Seeking to get a better view of the doorway, Ernestine swivelled and leaned back. Her chair, made of bentwood with a cane seat, was not used to such contortions from so sturdy an occupant. It groaned, creaked, cracked, and snapped. Ernestine fell to the floor onto her fortunately well upholstered behind. She was helped to her feet by Gerald and an elderly waitress. She was not physically injured, but annoyed at the quality of assistance on offer. Why were there no pretty young waitresses any more, she wondered crossly. She sat cautiously on a fresh chair, and accepted a complimentary cup of tea from the manageress.
As he left the tea-room, Gerald became aware of a stinging pain in the middle finger of his right hand. Examining it, he could see that he had picked up a splinter from the broken chair. He was accustomed to referring such minor injuries to his mother for attention, and he felt peculiarly vulnerable to be without her maternal ministrations.
With a tear gathering in the corner of his eye, he entered the chemists, held his finger out towards Cynthia, and wailed tremulously,
I've got a splinter.
Cynthia suppressed the laugh that rose within her. He was quite a good looking young man, and it would not hurt, she thought, to humour him.
There, there, never mind, she said.
Let Cynthia make it better.
She took his hand in hers. The splinter was easily visible, but she could not tell which way it ran. She raised his finger to her mouth and softly ran the tip of her tongue over it. Having thus detected which end was uppermost, she gently squeezed the finger to extrude the end, and removed the splinter with a pair of tweezers.
There we are, all done. I'll just kiss it better, and she kissed the tip of his finger.
Immediately she feared that she had gone too far, and that he would be angry to be so patronised. She flushed at the thought. Gerald, however, was gazing at her in adoration. His mother could have done no better than this angel of mercy, who looked so pretty when she blushed.
Thank you so much, he stammered.
How much will that be?
Oh, no charge, said Cynthia, adding with a laugh,
Have that one on me.
You've been so kind. I must repay you somehow.
Suddenly bold, Cynthia said,
Tell you what, Lady Godiva Rides Again is on at the Premier. You can take me to see that if you like.
Gerald gratefully accepted this unexpected offer. Cynthia collected her hat and coat, and they left laughing, arm in arm.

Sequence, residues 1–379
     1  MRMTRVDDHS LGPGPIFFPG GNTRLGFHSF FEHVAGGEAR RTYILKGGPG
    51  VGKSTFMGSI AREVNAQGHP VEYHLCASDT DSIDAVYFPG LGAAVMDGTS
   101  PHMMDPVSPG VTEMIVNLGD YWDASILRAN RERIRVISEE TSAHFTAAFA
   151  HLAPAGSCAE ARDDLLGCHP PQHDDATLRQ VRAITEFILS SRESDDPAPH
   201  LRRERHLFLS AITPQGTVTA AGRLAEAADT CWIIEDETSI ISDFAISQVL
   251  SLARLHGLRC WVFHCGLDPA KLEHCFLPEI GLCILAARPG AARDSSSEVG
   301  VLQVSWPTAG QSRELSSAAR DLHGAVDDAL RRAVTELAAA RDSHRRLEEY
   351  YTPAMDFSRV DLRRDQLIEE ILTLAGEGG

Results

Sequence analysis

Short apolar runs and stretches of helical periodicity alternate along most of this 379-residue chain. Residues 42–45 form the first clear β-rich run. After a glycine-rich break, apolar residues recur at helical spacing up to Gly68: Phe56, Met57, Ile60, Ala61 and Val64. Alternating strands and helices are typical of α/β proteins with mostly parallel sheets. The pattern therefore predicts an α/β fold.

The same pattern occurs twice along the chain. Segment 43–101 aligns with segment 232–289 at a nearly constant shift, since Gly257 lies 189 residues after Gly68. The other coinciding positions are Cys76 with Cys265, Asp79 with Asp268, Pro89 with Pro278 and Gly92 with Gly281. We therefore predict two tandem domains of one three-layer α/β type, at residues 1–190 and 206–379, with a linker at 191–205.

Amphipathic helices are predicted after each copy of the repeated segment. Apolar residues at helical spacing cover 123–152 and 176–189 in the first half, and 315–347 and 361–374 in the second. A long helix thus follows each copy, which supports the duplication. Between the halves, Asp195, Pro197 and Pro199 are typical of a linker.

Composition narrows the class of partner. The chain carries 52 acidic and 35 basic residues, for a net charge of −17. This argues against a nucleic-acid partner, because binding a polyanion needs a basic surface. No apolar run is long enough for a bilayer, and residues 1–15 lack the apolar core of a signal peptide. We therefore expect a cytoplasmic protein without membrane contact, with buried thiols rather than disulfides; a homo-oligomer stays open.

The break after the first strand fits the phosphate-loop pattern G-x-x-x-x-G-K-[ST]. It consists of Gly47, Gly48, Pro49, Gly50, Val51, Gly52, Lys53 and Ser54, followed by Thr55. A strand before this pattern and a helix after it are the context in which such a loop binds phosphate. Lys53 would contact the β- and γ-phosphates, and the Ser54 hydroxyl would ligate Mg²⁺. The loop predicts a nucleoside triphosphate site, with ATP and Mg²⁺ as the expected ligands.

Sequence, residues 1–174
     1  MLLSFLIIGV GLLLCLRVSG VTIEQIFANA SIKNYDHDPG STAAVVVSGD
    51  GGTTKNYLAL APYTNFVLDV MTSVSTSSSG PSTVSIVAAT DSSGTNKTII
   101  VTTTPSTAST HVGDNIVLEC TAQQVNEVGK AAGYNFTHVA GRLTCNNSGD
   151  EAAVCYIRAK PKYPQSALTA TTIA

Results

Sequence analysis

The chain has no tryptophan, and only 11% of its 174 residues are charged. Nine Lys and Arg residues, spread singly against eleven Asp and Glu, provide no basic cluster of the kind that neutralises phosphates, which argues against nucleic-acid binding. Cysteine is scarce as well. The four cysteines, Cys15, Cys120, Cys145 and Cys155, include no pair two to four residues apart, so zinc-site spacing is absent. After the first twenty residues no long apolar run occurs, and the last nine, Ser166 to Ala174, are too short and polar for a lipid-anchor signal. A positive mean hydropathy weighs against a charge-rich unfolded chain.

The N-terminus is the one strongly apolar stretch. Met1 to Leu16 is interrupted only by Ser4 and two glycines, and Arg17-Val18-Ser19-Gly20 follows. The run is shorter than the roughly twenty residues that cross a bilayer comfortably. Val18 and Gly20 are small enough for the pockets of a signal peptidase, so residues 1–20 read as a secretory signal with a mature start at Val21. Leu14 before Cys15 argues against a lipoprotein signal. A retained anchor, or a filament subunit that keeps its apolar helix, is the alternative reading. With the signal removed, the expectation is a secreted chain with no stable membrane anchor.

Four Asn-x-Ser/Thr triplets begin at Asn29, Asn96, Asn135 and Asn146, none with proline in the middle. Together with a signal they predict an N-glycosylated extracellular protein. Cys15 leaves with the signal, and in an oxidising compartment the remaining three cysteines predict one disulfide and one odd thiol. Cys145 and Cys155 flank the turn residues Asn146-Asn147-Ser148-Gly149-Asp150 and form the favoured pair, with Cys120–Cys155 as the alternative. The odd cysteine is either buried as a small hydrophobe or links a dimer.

Ernestine left the tea-room, still regretfully pondering the dearth of pretty girls. How different it had been in the war! In charge of all those fresh-faced young city girls, willing, eager even, to learn country ways. And with so many men away fighting, there were fewer of the beasts to lead her charges astray. As she emerged onto the street, Fate intervened to give her the lie. A lovely young girl, blonde and blooming, was stepping lively along the way, a summer dress tight around a trim waist, flaring out at her hips to a bouffant skirt, the epitome of femininity. As Ernestine eyed her with interest, the girl glanced across the street, stopped in her tracks, gasped
Oh! and burst into tears.
As closing time at the florists approached, Daisy had felt the need for something to cheer her up. The pain of learning that Gerald was a cad had been increased by his aunt's cynical pretence of sympathy. It had occurred to her that if she hurried she could catch Cynthia before the chemists closed, and they could go and see Lady Godiva Rides Again, which she had heard spoken of as a cheerful comedy. On her way she glanced towards the cinema to see if it was busy, and was surprised to see Cynthia already going in that direction. She was more surprised to see that Cynthia was not alone. She was with someone. She was with a boy. She was with Gerald!
Oh! gasped Daisy, and burst into tears.
A strong arm wrapped around her shoulders, and pressed her to a tweed-clad bosom.
There, there, my dear! Don't take on so. Things are never as bad as they seem. Tell me all about it.
Unaccountably, she found herself pouring out her woes to Ernestine, how her boy friend was a sex fiend, his aunt a hypocrite, her best friend a Jezebel, and nobody cared if she lived or died.
Oh, you poor girl. All men are brutes. We women have to learn how to cope with that. Never despair, dear. Love can be found in unexpected places. Come home with me, and we'll see what we can work out.
She ushered Daisy to her car. Daisy had expected a more commodious vehicle than the low slung two-seater, but Ernestine held open the vestigial door, so she sat on the seat and swung her legs into the MG. Her full skirt was somewhat problematical, but Ernestine thoughtfully held it down and smoothed it over her thighs, humming approvingly.
Did you say something? asked Daisy.
I was just thinking, dear, that it does not do to dwell upon the past. Just think of this as a new beginning.
She inserted her large frame into the driver's seat, started the car, and drove off cheerfully towards the future.